Structure Eight’s second polished ‘pillow stone’
Diary – Tuesday, August 12, 2020
The size and grandeur of Structure Ten continued to get clearer on this day in 2011.
The secondary insertions and wall lines in the building’s interior were now beginning to form cells and recesses along the northern wall. Meanwhile, the large, central hearth was found to be complete. We had thought the hearthstones had fallen victim to stone robbing but it had actually slumped into the earlier structures beneath.
At the robbed-out entrance, mentioned yesterday, some large blocks of stone emerged, thought to be remains of the basal courses of the lost entrance. These fitted perfectly with an east-west orientated entrance passage and corresponded to a change visible in the section behind.
Over in Structure One, it seemed we might have evidence that the hearth had once been “painted”.
The top edge of one of the hearth stones has a red deposit on it that was clearly neither ash nor heat-affected stone. Given the incised decoration noted on a hearth in Structure Fourteen and the fact the central hearths in Neolithic structures were an important focus, it is not difficult to imagine them being embellished and emphasised.
August 11, 2014, saw another example of new type of worked-stone artefact emerge from Structure Eight.
The rose-red object was part of a stone setting to one side of the building’s southern hearth. It was definitely not an axe or macehead but termed a “pillow stone” due to its shape. What was it for? We’re not sure – but there’s a splendid summary here.
It turned out be in a poor condition, with the lower half eaten away by an unknown process, perhaps a reaction of some component of the stone with something in the surrounding midden material.
A very similar stone, if not its finer twin, was found in Structure Eight on August 3, 2011.
West of Structure One, excavation in Structure Twenty-One revealed a very nicely defined pier. This showed the building’s orientation – running roughly east-west – was markedly different to the other piered structures in Trench P.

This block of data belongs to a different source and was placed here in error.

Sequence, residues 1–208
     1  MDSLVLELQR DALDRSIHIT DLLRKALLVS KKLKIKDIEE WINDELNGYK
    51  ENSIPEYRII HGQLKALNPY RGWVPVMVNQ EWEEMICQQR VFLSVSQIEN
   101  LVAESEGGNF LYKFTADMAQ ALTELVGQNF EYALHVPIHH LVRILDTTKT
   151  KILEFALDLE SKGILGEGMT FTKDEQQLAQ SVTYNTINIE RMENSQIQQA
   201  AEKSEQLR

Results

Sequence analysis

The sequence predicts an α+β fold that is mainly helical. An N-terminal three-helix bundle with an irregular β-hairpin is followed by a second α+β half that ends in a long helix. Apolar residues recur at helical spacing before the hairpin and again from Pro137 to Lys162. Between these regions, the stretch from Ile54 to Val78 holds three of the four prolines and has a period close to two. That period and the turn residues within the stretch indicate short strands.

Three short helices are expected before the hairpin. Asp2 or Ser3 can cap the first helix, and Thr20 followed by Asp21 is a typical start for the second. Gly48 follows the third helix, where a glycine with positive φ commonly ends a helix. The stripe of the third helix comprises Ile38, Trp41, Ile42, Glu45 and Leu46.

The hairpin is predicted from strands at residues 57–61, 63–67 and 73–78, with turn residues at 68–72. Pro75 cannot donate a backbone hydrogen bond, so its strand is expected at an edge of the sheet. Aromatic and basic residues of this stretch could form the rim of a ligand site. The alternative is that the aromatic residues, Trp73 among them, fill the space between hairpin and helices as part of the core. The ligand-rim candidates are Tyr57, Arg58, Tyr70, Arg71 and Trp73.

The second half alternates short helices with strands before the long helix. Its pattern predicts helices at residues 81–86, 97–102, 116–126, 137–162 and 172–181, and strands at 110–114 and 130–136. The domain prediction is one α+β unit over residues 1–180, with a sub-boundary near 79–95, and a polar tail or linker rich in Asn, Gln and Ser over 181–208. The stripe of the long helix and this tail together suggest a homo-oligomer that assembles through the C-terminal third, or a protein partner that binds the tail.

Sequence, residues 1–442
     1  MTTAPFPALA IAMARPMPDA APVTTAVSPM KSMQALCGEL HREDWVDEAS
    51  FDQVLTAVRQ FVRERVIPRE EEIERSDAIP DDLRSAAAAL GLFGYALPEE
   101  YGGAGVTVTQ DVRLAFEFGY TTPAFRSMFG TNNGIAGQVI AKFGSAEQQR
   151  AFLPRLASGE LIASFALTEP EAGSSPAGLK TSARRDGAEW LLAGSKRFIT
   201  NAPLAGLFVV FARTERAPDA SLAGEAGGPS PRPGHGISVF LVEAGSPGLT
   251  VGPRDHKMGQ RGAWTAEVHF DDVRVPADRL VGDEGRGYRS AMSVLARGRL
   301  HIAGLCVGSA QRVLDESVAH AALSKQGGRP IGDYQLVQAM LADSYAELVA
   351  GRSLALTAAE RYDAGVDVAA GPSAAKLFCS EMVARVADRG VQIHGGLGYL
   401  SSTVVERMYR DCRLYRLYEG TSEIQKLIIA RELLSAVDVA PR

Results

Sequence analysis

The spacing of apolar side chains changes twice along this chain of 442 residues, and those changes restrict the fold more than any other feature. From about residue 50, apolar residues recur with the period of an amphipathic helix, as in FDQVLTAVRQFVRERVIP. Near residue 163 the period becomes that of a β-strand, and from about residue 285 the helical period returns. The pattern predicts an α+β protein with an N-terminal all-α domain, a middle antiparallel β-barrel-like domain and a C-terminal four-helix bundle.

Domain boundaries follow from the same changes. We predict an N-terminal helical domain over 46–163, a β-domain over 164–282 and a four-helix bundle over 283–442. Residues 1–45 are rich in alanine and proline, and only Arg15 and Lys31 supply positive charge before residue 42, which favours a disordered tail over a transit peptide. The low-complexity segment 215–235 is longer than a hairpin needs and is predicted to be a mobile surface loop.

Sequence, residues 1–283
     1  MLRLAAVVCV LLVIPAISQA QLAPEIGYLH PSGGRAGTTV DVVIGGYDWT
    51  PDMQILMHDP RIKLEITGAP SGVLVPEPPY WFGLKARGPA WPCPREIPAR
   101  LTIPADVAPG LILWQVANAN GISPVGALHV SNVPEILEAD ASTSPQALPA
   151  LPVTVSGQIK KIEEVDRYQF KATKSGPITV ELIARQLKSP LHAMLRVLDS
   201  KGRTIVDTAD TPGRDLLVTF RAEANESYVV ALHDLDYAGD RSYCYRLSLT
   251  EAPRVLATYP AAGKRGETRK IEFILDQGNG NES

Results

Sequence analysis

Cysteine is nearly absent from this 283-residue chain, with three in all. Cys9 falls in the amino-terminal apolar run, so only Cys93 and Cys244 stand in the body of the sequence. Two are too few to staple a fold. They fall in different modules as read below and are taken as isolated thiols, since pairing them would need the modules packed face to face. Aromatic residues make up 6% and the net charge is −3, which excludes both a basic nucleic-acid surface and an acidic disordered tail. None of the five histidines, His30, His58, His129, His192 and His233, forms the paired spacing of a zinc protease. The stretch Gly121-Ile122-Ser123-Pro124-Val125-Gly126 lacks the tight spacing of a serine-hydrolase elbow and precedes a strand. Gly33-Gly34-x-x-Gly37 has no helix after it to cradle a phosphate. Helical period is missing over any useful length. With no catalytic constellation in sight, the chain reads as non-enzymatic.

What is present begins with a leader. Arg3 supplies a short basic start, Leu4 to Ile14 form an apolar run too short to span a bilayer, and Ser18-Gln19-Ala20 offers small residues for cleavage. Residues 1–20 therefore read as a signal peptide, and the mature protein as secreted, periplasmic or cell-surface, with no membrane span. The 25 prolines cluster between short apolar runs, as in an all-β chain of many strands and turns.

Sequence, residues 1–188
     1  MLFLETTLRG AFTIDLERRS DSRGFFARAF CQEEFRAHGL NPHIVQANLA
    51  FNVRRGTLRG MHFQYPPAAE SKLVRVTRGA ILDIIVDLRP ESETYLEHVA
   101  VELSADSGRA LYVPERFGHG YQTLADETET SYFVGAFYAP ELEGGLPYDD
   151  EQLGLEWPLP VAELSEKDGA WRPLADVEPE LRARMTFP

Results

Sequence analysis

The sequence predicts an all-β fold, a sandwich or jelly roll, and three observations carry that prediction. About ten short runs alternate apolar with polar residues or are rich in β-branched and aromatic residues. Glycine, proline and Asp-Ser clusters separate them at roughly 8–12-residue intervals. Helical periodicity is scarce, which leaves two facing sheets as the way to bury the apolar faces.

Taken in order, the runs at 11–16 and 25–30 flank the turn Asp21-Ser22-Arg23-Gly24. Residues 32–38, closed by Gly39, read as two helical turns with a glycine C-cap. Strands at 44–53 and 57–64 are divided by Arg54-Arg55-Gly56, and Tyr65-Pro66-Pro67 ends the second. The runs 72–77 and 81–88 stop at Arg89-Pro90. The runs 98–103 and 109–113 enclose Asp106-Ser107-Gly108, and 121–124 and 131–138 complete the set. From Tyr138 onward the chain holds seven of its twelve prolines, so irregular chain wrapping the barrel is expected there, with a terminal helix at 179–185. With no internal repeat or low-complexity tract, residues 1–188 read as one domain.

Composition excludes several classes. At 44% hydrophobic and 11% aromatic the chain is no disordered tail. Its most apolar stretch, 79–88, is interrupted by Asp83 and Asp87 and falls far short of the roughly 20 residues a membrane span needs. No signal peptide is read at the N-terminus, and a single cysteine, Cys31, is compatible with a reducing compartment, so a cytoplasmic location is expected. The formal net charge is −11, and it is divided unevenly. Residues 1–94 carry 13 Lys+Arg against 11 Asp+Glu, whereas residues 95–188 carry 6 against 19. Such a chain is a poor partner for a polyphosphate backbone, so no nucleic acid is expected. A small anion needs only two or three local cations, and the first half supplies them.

In 2015, two fascinating stone tools emerged from Structure Ten within the space of 60 minutes!
A very fine example of a ground stone knife was found in the robber cut in the south-west corner, followed shortly afterwards by a bevelled-edge stone disc from the paved passageway to the west of the building.
As if that was not enough, the disc turned out to have finely incised decoration — an exceedingly rare example of a decorated stone tool.
In Trench T, the clues suggesting we had an important, and very large, building were beginning to stack up.
Work in one of the pits adjacent to a wall at the bottom of the trench revealed a beautifully built, stone drain running parallel to the wall.
Drains of this sort are usually outside a building, or they may be in the entrance to the building. Whatever the drain’s function, it suggested there was a large, finely built structure at the bottom of the trench.
But, more was to come.
Thirty minutes later, a very large orthostat had emerged, together with what may be the very badly robbed remains of another wall. It seemed we did indeed have another substantial building, but one which has been sealed under huge quantities of midden, which was a precious commodity to the people of the Neolithic.
A combination of weather cancellations and weekends in 2016, 2017, 2018 and 2019, means this look back is shorter than usual, but we’ll be back again tomorrow.